where \({\mathcal {F}}\) is a vector space of real continuous functions on a phase space, and \({\mathcal {A}}\) is a vector space of operators (quantum observables) acting in the Hilbert space \({\mathcal {H}}_1=L^2({\mathbb {R}}_+, d\nu (x))\). It is clear that (67) defines a linear mapping and the observable \({\hat{f}}\) is a symmetric (Hermitian) operator. Let us evaluate the norm of the operator \({\hat{f}}\):
$$\begin{aligned} \Vert {\hat{f}}\Vert\le & {} \frac{1}{A_\Phi }\int _{\mathrm {G}_1} d\mu _L (q,p) |f(q,p)| \Vert \vert q,p \rangle \langle q,p \vert \Vert \nonumber \\\le & {} \frac{1}{A_\Phi }\int _{\mathrm {G}_1} d\mu _L(q,p) |f(q,p)|. \end{aligned}$$
This implies that, if the classical function f belongs to the space of integrable functions \(L^1(\mathrm {Aff({\mathbb {R}})}, d\mu _L(q,p))\), the operator \({\hat{f}}\) is bounded so it is a self-adjoint operator. Otherwise, it is defined on a dense subspace of \(L^2({\mathbb {R}}_+, d\nu (x))\) and its possible self-adjointness becomes an open problem as symmetricity does not assure self-adjointness so that further examination is required [27]. The quantization (67) can be applied to any type of observables including non-polynomial ones, which is of primary importance for us due to the functional form of the Hamiltonian (14).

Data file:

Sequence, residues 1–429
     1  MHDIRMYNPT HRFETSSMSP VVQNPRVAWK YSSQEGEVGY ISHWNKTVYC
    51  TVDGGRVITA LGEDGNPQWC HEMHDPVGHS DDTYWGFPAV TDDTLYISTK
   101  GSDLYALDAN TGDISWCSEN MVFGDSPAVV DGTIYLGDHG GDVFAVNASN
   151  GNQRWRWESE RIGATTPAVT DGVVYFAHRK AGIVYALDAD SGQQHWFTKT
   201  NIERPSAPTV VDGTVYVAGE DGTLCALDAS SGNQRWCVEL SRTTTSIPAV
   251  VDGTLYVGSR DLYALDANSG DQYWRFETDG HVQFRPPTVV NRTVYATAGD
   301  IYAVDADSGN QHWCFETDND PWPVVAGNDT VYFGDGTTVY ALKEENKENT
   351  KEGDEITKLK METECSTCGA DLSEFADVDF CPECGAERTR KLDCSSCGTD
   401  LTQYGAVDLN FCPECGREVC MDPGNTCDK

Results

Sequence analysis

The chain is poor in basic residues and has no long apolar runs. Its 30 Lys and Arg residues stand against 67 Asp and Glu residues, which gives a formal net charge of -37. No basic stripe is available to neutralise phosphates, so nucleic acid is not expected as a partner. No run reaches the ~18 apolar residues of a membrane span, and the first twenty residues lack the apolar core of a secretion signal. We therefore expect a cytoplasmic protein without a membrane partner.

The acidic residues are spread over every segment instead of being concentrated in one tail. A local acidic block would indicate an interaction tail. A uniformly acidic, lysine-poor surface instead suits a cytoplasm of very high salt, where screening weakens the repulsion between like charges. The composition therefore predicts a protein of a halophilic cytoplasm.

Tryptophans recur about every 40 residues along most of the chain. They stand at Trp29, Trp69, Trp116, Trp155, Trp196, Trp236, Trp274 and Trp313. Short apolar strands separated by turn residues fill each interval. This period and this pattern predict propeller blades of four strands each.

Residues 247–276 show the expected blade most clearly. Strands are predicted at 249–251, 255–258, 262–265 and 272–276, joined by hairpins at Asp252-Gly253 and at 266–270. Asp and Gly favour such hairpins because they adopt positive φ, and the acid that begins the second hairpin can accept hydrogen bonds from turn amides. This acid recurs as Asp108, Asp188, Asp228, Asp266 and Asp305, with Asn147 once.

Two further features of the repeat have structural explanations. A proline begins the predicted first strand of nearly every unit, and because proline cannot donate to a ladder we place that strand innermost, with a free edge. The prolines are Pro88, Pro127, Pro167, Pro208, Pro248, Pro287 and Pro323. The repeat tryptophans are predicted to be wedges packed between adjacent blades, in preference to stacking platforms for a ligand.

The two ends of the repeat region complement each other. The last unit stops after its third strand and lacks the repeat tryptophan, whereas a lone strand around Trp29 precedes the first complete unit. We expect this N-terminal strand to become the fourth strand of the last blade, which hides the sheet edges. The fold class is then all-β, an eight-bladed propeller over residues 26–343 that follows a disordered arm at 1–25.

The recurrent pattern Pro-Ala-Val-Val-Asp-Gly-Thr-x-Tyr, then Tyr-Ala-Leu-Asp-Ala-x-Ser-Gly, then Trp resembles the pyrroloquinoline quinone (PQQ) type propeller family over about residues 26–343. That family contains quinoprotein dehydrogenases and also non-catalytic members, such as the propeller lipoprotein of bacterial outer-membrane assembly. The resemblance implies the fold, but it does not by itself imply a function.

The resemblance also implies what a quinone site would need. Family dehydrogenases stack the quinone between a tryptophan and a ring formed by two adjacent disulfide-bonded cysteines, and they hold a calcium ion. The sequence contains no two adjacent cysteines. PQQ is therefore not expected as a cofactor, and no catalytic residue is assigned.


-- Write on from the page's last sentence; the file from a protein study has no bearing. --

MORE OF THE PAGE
It is important to indicate that in the case the classical observable f is defined only on a subspace of the full phase space, the corresponding quantum operator \({\hat{f}}\) obtained via (67) acts in the entire Hilbert space corresponding to the full phase space. This is the peculiarity of the coherent states quantization [28]. Roughly speaking, it results from the non-zero overlap, \(\langle q,p|q^\prime ,p^\prime \rangle \ne 0\), of any two coherent states of the entire Hilbert space. In particular, the classical Hamiltonian (31) is defined on the subspace \({\tilde{\Pi }}\) of \(\Pi \). Hovever, the corresponding quantum Hamiltonian (71) acts in the Hilbert space \(L^2({\mathbb {R}}_+ \times {\mathbb {R}}_+,d\nu (x_1,x_2))\) corresponding to \(\Pi \).

It is not difficult to show that the mapping (67) is covariant in the sense that one has